Protecting your business and your customers

protect-your-personal-information

Deciding on a business name, setting up the right business structure for your entrepreneurial venture – there is no doubt they are all vital steps towards your small business success. But what happens next? To ensure you stay in business and succeed, there are lots of things to learn.

When it comes to the technology that keeps your business operating smoothly, it’s important to protect your business – and your customers.

Don’t risk messy and expensive lawsuits.

Start with our handy five steps to improve your data security.

1: Implement a data security plan

Your plan should outline ways to minimise risk and include policies that highlight which of your employees are able to access different data and what the overall data rules should be for ALL employees.

Let this plan serve as your business data security rulebook that is easy for you entire staff to understand.

As well as making it clear, make it easy to enforce. And stick to it. For example: if your data security rules state that all personal devices by employees should be password-protected, do not make any exceptions – even for the boss.

For your plan to be successful, it should be flexible and have the ability to grow and evolve as your business does.

2. Provide Your Employees With Solid Education

By educating your employees about potential security risks, you minimise any breaches occurring. Train them about secure password practices, teach them how to manage and deal with unsolicited emails, as well as data back-up – and how to alert your IT department (or outsourced tech company) to any potential threats. If they know where to turn, potential problems can be dealt with efficiently and effectively.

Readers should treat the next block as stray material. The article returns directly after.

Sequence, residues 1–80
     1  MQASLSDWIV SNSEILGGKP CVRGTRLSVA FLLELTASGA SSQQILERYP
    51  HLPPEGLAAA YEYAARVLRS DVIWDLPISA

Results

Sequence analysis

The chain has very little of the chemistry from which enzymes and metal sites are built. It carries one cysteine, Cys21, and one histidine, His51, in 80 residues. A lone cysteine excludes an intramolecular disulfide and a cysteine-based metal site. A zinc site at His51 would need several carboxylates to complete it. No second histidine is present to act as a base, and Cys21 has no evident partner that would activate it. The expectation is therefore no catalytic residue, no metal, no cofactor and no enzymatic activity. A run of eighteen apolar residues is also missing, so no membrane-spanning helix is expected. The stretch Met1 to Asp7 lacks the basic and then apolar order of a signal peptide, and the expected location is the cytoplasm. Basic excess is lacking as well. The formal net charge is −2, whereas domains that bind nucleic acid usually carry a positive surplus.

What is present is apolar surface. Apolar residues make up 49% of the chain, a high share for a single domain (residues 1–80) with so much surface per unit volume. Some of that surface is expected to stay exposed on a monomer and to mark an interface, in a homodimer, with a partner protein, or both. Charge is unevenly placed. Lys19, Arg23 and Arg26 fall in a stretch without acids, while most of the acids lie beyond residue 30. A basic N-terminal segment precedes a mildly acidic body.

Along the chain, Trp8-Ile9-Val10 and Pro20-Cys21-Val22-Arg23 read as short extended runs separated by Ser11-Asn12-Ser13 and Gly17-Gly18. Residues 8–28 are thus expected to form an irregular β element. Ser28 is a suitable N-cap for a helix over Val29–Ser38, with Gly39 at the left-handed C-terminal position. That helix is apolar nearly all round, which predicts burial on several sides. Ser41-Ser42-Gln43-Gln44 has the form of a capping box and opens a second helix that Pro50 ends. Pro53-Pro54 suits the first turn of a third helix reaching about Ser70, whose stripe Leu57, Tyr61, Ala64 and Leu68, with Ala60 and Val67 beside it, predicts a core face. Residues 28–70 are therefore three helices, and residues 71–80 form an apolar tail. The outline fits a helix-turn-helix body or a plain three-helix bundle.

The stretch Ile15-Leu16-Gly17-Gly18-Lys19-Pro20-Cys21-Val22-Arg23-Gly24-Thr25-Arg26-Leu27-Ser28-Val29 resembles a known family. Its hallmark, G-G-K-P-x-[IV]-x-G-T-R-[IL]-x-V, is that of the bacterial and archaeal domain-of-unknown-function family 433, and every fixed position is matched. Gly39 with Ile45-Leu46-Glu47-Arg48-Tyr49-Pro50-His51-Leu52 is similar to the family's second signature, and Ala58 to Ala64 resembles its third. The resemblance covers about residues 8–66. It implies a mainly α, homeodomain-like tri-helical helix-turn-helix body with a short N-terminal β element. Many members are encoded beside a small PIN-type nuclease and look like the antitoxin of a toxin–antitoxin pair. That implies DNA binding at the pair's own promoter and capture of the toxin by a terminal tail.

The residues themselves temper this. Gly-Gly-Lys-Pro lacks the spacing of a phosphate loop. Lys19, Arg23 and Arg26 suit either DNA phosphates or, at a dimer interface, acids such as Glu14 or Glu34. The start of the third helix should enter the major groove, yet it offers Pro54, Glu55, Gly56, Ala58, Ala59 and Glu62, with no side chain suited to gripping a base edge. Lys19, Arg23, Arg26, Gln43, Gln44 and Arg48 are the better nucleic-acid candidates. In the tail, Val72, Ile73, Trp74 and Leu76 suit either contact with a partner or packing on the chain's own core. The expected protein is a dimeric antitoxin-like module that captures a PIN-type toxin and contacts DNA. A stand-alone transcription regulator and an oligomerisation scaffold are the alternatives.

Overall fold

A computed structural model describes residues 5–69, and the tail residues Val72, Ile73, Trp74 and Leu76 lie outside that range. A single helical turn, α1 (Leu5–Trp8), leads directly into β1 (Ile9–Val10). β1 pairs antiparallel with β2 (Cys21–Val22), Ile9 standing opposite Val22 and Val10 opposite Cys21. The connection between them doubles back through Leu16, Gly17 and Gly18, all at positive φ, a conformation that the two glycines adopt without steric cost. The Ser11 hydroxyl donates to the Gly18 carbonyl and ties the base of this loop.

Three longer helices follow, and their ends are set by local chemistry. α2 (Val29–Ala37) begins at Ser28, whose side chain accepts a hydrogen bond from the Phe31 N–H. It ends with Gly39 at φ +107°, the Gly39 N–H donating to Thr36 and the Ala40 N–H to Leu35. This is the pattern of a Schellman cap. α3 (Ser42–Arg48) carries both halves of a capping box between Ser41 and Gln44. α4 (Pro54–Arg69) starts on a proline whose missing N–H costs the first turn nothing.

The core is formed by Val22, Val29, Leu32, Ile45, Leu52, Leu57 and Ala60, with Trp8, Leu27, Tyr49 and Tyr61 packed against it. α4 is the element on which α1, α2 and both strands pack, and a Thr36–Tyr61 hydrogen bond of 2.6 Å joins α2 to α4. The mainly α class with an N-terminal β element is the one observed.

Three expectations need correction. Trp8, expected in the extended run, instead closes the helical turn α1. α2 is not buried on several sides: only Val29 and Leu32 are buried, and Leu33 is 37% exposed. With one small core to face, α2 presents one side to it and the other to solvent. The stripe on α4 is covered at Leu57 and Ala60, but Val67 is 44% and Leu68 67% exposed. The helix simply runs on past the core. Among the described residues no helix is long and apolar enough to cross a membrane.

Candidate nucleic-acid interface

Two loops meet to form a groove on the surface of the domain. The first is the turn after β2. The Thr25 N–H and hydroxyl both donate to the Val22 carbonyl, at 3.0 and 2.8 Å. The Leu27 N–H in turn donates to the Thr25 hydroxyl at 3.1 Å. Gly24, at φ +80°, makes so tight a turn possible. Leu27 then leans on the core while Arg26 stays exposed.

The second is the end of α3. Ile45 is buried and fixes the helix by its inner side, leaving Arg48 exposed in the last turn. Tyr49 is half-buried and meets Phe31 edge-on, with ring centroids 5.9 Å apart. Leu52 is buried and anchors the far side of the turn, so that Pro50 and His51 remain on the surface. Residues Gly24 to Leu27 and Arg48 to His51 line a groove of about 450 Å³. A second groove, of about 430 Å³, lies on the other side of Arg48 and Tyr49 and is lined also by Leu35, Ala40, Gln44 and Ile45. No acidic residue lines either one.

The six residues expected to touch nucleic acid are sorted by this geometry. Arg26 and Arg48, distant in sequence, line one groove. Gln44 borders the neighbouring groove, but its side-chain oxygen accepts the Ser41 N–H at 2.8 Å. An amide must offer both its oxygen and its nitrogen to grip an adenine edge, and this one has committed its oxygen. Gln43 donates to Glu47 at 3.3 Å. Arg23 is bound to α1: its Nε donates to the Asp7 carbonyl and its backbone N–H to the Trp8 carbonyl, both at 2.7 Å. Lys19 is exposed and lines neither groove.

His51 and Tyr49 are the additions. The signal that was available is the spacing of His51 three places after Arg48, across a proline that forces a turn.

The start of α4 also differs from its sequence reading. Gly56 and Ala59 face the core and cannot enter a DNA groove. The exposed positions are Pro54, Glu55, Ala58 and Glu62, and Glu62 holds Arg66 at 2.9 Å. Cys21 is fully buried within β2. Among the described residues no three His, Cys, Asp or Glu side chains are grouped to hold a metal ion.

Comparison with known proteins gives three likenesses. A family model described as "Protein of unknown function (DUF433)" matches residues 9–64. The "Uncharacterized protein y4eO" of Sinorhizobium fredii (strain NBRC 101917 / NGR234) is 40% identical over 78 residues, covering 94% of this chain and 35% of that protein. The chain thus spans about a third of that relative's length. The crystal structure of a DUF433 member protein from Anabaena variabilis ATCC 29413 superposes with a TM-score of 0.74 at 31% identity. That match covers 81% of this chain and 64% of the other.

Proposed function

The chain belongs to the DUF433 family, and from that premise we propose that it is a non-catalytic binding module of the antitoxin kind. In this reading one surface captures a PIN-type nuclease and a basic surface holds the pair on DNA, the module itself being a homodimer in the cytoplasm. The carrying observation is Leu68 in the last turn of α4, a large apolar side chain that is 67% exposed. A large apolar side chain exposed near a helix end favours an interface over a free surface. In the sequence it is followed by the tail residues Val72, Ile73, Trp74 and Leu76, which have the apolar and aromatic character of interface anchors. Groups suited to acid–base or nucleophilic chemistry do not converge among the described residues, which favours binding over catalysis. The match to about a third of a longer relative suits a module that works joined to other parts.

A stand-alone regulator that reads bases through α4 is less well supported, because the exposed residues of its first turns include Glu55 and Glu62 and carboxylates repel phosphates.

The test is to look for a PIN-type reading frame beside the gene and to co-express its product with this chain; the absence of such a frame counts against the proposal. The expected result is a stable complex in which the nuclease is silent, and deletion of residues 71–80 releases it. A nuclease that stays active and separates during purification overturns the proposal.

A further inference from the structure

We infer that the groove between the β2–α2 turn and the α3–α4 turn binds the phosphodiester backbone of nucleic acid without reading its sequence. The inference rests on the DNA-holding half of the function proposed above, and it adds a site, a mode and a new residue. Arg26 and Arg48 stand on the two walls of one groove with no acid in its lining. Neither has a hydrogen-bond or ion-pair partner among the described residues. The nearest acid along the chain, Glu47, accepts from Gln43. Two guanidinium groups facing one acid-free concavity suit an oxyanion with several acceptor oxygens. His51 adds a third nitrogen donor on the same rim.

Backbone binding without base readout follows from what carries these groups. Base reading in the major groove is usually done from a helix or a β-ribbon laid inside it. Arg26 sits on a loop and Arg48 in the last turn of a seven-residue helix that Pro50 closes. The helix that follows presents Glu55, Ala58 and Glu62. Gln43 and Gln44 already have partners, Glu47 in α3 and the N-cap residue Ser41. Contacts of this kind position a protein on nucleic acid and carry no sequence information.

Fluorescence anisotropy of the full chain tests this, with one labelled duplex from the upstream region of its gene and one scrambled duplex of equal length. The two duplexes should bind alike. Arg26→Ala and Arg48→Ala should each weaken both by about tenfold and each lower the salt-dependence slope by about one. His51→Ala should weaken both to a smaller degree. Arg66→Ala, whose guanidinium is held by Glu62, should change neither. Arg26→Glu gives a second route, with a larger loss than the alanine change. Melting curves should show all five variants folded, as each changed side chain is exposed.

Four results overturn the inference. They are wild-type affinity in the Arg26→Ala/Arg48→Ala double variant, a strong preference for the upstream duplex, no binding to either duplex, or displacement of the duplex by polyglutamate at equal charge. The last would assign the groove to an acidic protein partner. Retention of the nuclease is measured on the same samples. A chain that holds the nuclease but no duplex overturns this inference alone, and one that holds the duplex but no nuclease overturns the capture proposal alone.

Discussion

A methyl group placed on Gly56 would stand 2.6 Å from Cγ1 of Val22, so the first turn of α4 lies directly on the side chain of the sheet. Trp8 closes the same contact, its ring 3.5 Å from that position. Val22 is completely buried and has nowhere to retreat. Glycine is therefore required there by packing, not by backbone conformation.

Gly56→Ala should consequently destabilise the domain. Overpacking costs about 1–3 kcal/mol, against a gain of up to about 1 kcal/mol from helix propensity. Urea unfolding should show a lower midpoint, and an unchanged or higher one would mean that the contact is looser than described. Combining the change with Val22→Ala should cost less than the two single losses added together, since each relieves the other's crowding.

3. Create a Data Storage Policy

Your company-wise data storage policy should clearly outline what data needs to be kept and backed-up and what data can be deleted. The more stored data you have, the more you are at risk – only store what is absolutely essential.

4. Monitor Mobile Devices

By having devices inter-connected and accessible via mobile devices, you increase your flexibility to work on-the-go but also open yourself up to hackers.

Basic rule of thumb? Don’t allow any mobile devices to access your network unless they comply with your defined company security policies.

Mobile threat management should be an active part of your overall digital security strategy and will prevent malware breaches on your mobile devices.

5. Don’t Scrimp on Encryption

The strongest possible encryption is critical for anyone collecting and storing personal client information, such as names, email addresses, credit card details, bank account numbers, etc. If data is breached from your website, it reflects badly on your business and can damage your professional reputation. Heavy fines and potential lawsuits could also be a very real consequence.

These days, everyone is talking about cloud-based storage and security and there are many options to explore.

Just make sure you do your homework and choose an established provider of these services, rather than go with the one who might promise you the earth and then not be there in a few months.

For information about how to ensure your accounting and book-keeping related data is protected, talk to your accountant about a process that suits your business.

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